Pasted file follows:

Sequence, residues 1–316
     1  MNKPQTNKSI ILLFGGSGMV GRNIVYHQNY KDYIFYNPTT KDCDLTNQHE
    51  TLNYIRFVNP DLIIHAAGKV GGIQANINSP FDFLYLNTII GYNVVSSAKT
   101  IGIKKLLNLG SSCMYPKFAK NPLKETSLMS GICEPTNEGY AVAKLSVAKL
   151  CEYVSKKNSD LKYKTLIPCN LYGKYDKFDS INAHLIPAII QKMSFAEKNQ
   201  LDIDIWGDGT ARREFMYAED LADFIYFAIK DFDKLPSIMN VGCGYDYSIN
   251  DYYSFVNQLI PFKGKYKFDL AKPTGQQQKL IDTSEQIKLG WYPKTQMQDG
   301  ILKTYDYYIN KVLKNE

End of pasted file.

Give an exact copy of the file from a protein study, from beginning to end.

Sequence, residues 1–316
     1  MNKPQTNKSI ILLFGGSGMV GRNIVYHQNY KDYIFYNPTT KDCDLTNQHE
    51  TLNYIRFVNP DLIIHAAGKV GGIQANINSP FDFLYLNTII GYNVVSSAKT
   101  IGIKKLLNLG SSCMYPKFAK NPLKETSLMS GICEPTNEGY AVAKLSVAKL
   151  CEYVSKKNSD LKYKTLIPCN LYGKYDKFDS INAHLIPAII QKMSFAEKNQ
   201  LDIDIWGDGT ARREFMYAED LADFIYFAIK DFDKLPSIMN VGCGYDYSIN
   251  DYYSFVNQLI PFKGKYKFDL AKPTGQQQKL IDTSEQIKLG WYPKTQMQDG
   301  ILKTYDYYIN KVLKNE